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  • Frank Thayer

Relationship skills for COVID-19

Updated: May 17

Are you having greater levels of conflict and tension in your relationships since COVID-19? Are you finding it more challenging to interact and be present for the people you love and care about? This seems to be a common experience for a great number of people during this difficult time, one we are all going through together. My favorite prescription for being more able to tend to your relationships, decrease conflict, and increase satisfaction in your relationships is simple, love yourself first.


When was the last time you felt like you had taken really good care of yourself? How long has it been since you were consistent with diet and exercise? When was the last time you can say you allowed curiosity into your life and learned something new? When was the last time you considered what you are grateful for? Fact of the matter is, people who have a hard time giving themselves love, don't have energy left to give it to others. When we don't have the energy to give to others, we approach our relationships with expectation to help fill our own voids. This is a path full of resentments and conflict, and the creation of significant emotional disconnection.


Loving yourself is not self indulgence, its self care. That is an important distinction to make because too often people use that title "self care," to engage in entitled behavior. "I get to drink because I am stressed out and I am trying to relax." "I get to eat this tray of cookies because I earned it. I am stuck at home all day with three crazy kids, and they are Keto cookies so it doesn't count." "I will start exercising tomorrow. They just released the new hit thing on Netflix." These things are not self care.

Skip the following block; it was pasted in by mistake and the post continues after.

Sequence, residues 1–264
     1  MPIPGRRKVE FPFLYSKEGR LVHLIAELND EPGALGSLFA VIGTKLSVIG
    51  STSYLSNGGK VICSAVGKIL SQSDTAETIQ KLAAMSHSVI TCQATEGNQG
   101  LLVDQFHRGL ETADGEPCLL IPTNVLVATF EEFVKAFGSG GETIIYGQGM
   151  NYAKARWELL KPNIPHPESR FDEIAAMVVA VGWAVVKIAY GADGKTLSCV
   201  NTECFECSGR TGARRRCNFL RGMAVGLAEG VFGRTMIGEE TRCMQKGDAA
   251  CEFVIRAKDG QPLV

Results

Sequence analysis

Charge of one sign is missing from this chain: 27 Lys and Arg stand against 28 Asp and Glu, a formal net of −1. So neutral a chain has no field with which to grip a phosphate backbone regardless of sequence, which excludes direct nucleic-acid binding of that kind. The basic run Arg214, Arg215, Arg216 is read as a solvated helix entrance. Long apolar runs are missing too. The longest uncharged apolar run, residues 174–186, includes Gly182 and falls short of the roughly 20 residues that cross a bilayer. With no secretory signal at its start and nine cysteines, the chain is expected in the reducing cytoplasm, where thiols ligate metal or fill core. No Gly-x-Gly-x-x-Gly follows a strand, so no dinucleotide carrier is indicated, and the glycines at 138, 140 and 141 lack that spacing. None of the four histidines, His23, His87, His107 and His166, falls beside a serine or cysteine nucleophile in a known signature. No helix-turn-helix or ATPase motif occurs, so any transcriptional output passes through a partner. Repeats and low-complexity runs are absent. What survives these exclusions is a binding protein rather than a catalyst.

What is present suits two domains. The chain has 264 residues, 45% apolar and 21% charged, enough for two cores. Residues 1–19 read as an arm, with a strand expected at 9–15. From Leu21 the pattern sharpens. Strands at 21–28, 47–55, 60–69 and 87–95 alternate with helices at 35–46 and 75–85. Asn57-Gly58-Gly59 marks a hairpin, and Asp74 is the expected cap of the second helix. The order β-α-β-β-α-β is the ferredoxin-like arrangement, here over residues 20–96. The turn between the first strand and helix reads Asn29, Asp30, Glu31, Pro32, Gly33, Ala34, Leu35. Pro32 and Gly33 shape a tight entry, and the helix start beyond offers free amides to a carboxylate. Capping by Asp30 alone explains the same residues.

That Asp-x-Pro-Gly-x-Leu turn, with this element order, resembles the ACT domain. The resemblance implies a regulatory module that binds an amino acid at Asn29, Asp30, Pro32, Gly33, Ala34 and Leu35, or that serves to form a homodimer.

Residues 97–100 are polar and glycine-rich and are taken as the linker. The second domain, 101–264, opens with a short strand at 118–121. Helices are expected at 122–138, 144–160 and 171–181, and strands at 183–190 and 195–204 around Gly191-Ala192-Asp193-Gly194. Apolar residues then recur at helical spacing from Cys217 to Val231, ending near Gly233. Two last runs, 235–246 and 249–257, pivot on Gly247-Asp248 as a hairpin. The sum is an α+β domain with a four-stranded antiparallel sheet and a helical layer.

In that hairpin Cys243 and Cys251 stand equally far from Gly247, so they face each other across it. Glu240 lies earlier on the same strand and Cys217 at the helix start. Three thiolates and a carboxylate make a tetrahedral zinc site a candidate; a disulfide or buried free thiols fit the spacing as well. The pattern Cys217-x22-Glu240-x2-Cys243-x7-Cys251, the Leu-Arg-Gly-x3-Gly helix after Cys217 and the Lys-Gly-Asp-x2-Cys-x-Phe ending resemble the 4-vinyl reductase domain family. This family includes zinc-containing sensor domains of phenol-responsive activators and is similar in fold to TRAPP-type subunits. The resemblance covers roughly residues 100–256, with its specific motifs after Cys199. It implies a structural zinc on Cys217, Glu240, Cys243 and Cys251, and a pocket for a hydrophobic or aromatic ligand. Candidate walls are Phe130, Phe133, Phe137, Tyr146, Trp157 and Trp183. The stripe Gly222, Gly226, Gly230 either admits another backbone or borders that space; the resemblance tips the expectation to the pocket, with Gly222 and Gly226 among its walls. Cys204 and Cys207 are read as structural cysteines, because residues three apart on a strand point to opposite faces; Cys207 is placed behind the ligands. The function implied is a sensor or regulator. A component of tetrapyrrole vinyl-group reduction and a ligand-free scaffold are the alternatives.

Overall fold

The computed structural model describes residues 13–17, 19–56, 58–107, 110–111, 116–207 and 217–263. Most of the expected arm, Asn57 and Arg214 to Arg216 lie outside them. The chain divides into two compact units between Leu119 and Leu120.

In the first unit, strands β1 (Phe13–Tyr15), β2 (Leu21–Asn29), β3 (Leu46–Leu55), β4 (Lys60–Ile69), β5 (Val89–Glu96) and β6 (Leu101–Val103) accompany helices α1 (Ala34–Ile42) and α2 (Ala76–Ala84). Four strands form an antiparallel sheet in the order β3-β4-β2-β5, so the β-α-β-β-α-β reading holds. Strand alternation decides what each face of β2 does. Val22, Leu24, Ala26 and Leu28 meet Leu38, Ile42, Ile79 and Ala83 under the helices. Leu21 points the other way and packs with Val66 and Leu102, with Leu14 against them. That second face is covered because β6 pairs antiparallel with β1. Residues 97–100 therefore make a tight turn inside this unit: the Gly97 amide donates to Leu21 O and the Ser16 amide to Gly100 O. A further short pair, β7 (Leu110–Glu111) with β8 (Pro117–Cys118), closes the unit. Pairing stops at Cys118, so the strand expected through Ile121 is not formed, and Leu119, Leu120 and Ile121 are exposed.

Self care is about doing the things your brain and body need in order for you to be able to adapt and be present to your current situation. Eating a consistent and healthy diet, exercising daily, new learning. These three things in particular help your brain achieve greater levels of neuroplasticity, which is your brain's ability to adapt and change. Important questions to ask yourself then each day:


-Did I exercise sufficiently?

-Did I eat healthy?

-Did I learn something new today?

-What am I thinking and feeling today?

What do I need about those thoughts and feelings?


There is one more question I would want people to add to that list, is there anything I am grateful for today? With so much change, and so much loss, it is important to continue to find humility and gratitude. Not only does this provide us time to focus on positives, it is also a simple thing to do to help provide perspective, something we all need to keep tabs on right now.


If you're thinking to yourself, "All these "self love" things seem like more things I have to do in a day," or, "these things seem like a lot of work," you are exactly who is supposed to be reading this post. If you think putting time and energy into yourself as a person (who is worthy of the effort of love) seems tiring, why are you shocked by your struggling in relationships? People who can't love themselves can't be there to love others. So go out there and love yourselves first people or in other words, get to work!




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